View Arutz-7's Photo Essay of Gush Katif Synagogues.
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Fourteen ministers voted against the destruction, while two - Chaim Ramon and Ophir Pines of Labor - voted to destroy them. Minister Dalia Itzik of Labor abstained.

Following the Supreme Court's narrow 4-3 decision not to intervene in the Cabinet decisions on this matter, the momentum started swinging towards a change in the decision.

The first to announce a change of heart on the matter was Defense Minister Sha'ul Mofaz. Immediately following the Supreme Court's decision on Thursday evening, Mofaz asked Prime Minister Sharon to have the Cabinet reconsider the issue.

By this morning, another seven Likud ministers, as well as some from Labor, had jumped on the bandwagon, giving a majority to those opposing the destruction. Among those who said they would oppose were Ministers Shalom, Katz, Naveh, Livnat, Hirschson, Ezra and HaNegbi. "Jews don't destroy synagogues," Minister Shalom said.

Labor ministers who took this position were Ben-Eliezer ("The Nation of Israel has gone through enough of late"), Matan Vilnai ("What, are we crazy enough to destroy our own synagogues?!"), and Simchon.

Dalia Itzik abstained, after having said that she would vote against and hold the rabbis responsible for the "difficult scenes" of Arab desecration of the synagogues. All rabbis consulted on the issue have said that it is better for Arabs to desecrate the synagogues than for Jews to demolish them.

A bit later this morning, the Likud's Meir Sheetrit also said he would vote against the razing, explaining that he would defer to the unanimous rabbinical opinion on the issue.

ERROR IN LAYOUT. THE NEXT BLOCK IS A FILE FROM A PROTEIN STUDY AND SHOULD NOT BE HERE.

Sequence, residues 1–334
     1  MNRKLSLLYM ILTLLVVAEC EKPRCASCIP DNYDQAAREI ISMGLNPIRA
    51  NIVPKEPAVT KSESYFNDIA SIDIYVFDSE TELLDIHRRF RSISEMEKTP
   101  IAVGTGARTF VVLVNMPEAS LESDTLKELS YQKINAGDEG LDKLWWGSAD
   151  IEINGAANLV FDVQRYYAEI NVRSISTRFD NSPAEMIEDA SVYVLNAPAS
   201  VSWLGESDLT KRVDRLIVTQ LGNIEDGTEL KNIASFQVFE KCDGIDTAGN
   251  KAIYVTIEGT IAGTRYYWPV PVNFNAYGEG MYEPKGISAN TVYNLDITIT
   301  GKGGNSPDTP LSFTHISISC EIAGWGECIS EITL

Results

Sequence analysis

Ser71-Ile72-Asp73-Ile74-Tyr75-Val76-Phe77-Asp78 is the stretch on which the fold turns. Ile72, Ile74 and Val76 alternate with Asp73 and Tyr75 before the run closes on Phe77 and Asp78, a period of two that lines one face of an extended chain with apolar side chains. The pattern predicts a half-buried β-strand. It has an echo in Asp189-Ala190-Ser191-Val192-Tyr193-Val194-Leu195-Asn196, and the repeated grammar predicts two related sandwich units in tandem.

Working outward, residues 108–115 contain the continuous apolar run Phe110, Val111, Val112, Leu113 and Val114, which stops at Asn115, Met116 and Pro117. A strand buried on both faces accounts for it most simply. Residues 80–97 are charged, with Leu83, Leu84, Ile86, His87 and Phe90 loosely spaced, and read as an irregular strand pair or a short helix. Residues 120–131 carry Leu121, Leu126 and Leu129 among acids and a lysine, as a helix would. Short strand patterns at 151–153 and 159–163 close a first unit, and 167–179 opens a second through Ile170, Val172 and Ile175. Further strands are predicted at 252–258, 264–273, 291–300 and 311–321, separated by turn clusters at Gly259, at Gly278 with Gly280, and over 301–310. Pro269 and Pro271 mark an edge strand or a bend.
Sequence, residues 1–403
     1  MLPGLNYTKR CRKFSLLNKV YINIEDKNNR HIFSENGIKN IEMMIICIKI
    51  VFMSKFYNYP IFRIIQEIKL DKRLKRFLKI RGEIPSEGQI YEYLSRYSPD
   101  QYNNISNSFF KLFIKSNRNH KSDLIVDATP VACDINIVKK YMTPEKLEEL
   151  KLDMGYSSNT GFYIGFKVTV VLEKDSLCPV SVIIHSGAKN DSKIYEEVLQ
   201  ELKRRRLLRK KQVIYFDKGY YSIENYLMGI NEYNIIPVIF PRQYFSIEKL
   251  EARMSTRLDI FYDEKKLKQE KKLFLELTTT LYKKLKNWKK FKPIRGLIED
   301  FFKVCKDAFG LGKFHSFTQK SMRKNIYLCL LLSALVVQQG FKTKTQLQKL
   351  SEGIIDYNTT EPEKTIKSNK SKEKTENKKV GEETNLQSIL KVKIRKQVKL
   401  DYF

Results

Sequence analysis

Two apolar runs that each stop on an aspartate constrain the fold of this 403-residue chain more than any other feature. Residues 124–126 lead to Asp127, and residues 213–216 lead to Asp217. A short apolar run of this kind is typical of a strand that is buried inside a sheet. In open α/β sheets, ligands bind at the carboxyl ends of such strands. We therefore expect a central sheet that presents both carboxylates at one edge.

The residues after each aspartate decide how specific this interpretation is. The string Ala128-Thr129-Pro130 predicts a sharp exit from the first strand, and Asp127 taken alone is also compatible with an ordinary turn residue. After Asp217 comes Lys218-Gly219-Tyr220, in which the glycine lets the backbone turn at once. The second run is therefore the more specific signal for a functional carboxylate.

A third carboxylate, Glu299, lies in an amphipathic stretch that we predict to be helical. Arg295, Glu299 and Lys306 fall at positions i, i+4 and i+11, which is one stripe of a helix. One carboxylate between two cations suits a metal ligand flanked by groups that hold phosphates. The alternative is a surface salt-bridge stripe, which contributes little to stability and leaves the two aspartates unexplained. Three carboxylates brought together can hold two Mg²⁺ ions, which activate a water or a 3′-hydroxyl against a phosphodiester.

Prime Minister Sharon went into this morning's Cabinet meeting saying he was not sure how he would vote on the "buildings that used to be synagogues." In the course of the session, he decided to join the majority.

Attorney General Menachem Mazuz, who generally takes part in the Cabinet meetings, sharply criticized the ministers for changing their minds "for no reason." He said the entire process was "embarrassing and will have a price."

The Supreme Court had a significant role in the process leading to the decision to leave the synagogues standing. On August 16, the Court issued a two-day stay against the destruction, instructing the government to consider options other than destruction, including the partial or whole-scale dismantling of the structures and their rebuilding elsewhere in Israel.

A week later, a three-justice panel ruled that the synagogues could be destroyed. It relied in part on the minority opinion of Chief Rabbi Yona Metzger that the structures could be voided of their sanctity. (Rabbi Metzger later changed his mind.) Judges Rubenstein and Beinish rejected what was the overwhelming rabbinic opinion, saying it was likely that the Arabs would vandalize the buildings. Only Justice Edmond Levy sided against destruction.